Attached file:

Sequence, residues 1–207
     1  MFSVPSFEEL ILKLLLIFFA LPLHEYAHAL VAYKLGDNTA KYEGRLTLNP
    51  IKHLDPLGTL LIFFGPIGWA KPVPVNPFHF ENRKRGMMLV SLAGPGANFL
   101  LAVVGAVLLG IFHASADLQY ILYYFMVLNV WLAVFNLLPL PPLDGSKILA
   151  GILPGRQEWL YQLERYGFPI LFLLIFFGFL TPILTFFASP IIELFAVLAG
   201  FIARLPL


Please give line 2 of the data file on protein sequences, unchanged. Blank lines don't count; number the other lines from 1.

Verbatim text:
     1  MFSVPSFEEL ILKLLLIFFA LPLHEYAHAL VAYKLGDNTA KYEGRLTLNP